Cancer is the leading cause of high mortality rates in the world. Sometimes, cancer kills because it is incurable. However, more often than not, people die from cancer because of delayed diagnosis. New technology from Guilford, Connecticut-based biotech firm Butterfly Network might just change that. The Butterfly Network has created a revolutionary portable ultrasound machine that in conjunction with Apple’s iPhone, can help people detect cancer from the comfort of their homes. They are calling it the Butterfly IQ and you can use this iPhone Ultrasound.
What’s new with the Butterfly IQ?
Cancer detection has been an almost impossible task for people with no money or access to hospitals. This is because the equipment needed to conduct cancer diagnostic tests, the ultrasound machine, is bulky and expensive to purchase, especially for minor hospitals. Butterfly IQ eliminates the size and price problems presented by such medical equipment.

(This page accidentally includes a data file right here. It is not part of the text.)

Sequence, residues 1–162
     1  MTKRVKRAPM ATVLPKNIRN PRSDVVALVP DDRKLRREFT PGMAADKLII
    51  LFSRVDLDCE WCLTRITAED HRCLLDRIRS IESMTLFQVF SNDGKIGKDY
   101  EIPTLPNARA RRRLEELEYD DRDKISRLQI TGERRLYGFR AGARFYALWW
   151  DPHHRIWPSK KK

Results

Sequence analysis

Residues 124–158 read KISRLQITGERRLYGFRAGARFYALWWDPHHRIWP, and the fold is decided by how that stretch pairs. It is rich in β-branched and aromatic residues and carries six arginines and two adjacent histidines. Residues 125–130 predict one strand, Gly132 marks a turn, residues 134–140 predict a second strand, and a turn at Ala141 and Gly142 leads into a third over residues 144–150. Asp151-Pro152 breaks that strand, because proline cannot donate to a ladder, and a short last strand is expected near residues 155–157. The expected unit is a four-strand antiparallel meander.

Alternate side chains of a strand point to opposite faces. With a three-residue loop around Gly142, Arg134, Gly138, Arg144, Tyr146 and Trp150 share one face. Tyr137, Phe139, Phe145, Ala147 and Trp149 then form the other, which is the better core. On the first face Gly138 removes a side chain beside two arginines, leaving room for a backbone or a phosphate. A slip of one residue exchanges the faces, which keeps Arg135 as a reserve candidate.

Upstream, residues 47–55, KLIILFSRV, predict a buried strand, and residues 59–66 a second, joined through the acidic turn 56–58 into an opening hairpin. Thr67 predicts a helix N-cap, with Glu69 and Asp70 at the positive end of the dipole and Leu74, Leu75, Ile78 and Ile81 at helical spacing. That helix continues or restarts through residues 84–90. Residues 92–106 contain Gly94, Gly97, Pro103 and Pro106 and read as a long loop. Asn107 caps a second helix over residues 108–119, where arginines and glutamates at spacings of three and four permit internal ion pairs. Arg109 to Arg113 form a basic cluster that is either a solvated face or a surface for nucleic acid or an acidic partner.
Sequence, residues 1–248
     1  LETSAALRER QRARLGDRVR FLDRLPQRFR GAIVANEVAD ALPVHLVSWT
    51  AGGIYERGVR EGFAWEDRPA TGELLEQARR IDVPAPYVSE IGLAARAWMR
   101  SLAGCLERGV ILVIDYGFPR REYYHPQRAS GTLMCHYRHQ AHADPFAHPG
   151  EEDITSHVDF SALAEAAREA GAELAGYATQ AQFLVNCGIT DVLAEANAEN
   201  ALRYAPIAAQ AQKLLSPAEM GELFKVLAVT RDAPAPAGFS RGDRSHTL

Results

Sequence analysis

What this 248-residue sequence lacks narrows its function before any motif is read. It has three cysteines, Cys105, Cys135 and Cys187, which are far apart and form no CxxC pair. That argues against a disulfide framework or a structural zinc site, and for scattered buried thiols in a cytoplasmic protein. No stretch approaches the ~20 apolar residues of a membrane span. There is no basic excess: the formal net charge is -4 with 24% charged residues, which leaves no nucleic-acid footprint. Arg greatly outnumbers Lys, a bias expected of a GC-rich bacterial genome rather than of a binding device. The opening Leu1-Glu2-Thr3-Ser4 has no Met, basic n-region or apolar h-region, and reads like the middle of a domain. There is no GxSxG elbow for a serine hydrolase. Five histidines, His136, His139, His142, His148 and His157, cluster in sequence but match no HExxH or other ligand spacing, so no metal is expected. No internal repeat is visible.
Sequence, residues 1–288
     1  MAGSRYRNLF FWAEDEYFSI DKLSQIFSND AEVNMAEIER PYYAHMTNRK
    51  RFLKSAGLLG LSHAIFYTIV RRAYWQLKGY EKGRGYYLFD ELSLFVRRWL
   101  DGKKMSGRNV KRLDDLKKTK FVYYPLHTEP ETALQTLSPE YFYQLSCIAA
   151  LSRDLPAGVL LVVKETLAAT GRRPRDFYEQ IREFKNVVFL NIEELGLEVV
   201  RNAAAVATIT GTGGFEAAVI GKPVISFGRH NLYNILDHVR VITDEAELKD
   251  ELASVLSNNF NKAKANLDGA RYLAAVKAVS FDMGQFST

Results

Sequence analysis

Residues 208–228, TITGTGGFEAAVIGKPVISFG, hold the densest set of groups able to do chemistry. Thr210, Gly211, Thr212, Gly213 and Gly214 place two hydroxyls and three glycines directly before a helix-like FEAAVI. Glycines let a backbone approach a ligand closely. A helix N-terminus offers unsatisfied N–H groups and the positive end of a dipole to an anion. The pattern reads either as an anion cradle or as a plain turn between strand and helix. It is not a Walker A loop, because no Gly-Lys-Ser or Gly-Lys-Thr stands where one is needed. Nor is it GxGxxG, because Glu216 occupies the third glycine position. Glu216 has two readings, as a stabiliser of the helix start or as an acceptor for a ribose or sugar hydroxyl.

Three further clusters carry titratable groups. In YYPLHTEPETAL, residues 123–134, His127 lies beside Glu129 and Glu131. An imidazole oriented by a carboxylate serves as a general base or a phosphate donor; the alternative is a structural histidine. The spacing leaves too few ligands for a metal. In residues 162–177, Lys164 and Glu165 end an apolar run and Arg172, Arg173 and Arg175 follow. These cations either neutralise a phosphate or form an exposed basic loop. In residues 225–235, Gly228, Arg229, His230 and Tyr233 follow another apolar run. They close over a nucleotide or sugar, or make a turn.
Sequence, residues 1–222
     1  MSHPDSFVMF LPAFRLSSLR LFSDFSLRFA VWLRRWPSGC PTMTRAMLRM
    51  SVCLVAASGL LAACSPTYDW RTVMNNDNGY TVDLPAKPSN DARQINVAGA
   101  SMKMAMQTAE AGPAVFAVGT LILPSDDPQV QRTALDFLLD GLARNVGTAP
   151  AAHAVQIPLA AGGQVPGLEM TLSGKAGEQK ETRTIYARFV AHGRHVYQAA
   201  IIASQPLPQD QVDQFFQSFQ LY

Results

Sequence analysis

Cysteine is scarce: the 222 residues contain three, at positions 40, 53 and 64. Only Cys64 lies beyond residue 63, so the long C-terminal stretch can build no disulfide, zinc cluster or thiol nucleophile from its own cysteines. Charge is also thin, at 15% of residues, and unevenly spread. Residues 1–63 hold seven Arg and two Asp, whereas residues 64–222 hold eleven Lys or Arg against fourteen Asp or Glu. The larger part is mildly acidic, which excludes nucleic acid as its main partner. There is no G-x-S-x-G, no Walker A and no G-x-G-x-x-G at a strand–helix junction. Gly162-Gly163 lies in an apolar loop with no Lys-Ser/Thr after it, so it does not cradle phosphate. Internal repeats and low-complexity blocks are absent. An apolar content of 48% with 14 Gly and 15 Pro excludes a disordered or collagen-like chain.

In the past, ultrasound machines utilized vibrating crystals to produce sounds that ultimately allowed imaging. The Butterfly IQ uses “capacitive micro-machined ultrasound transducers” or drums mounted on a semiconductive chip to create images. The shift in constructive materials has made this latest ultrasound machine model not only portable but also affordable. The Butterfly IQ will go for $1,999, a significant reduction from the current ultrasound retail price of $5,999.
It can be groundbreaking
The Butterfly Network has invested over $100 million into creating the Butterfly IQ since it began in 2011. It hopes to mass produce and sell enough of the ultrasound machine to make a profit by next year, and save numerous lives along the way.
Experts in orthopedics see the Butterfly IQ as a game changer. Vascular surgeon John Martin, under treatment for the squamous cell cancer he detected using the device, thinks that the Butterfly IQ is revolutionary and has the potential to be groundbreaking. “It will be a window to the body that anyone can afford, use and interpret,” Martin remarked.
He was referring to the plans that Butterfly Network has to integrate the ultrasound machine with AI to enable anyone with Butterfly IQ to know how to scan themselves with it and correctly identify and interpret what they see.